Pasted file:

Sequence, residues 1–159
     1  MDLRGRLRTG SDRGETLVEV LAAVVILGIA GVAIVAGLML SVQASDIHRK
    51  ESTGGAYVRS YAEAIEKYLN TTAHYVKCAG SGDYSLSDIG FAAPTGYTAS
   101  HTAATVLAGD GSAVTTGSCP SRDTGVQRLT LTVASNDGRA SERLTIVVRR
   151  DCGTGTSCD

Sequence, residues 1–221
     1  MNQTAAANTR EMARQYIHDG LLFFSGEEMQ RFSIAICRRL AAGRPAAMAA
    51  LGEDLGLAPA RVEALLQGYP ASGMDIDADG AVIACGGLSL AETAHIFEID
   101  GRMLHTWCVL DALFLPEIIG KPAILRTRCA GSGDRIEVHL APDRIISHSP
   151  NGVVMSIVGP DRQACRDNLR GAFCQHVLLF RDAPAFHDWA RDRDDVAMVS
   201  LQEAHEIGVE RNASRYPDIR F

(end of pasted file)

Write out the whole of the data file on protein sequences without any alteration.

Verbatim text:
Sequence, residues 1–159
     1  MDLRGRLRTG SDRGETLVEV LAAVVILGIA GVAIVAGLML SVQASDIHRK
    51  ESTGGAYVRS YAEAIEKYLN TTAHYVKCAG SGDYSLSDIG FAAPTGYTAS
   101  HTAATVLAGD GSAVTTGSCP SRDTGVQRLT LTVASNDGRA SERLTIVVRR
   151  DCGTGTSCD

Sequence, residues 1–221
     1  MNQTAAANTR EMARQYIHDG LLFFSGEEMQ RFSIAICRRL AAGRPAAMAA
    51  LGEDLGLAPA RVEALLQGYP ASGMDIDADG AVIACGGLSL AETAHIFEID
   101  GRMLHTWCVL DALFLPEIIG KPAILRTRCA GSGDRIEVHL APDRIISHSP
   151  NGVVMSIVGP DRQACRDNLR GAFCQHVLLF RDAPAFHDWA RDRDDVAMVS
   201  LQEAHEIGVE RNASRYPDIR F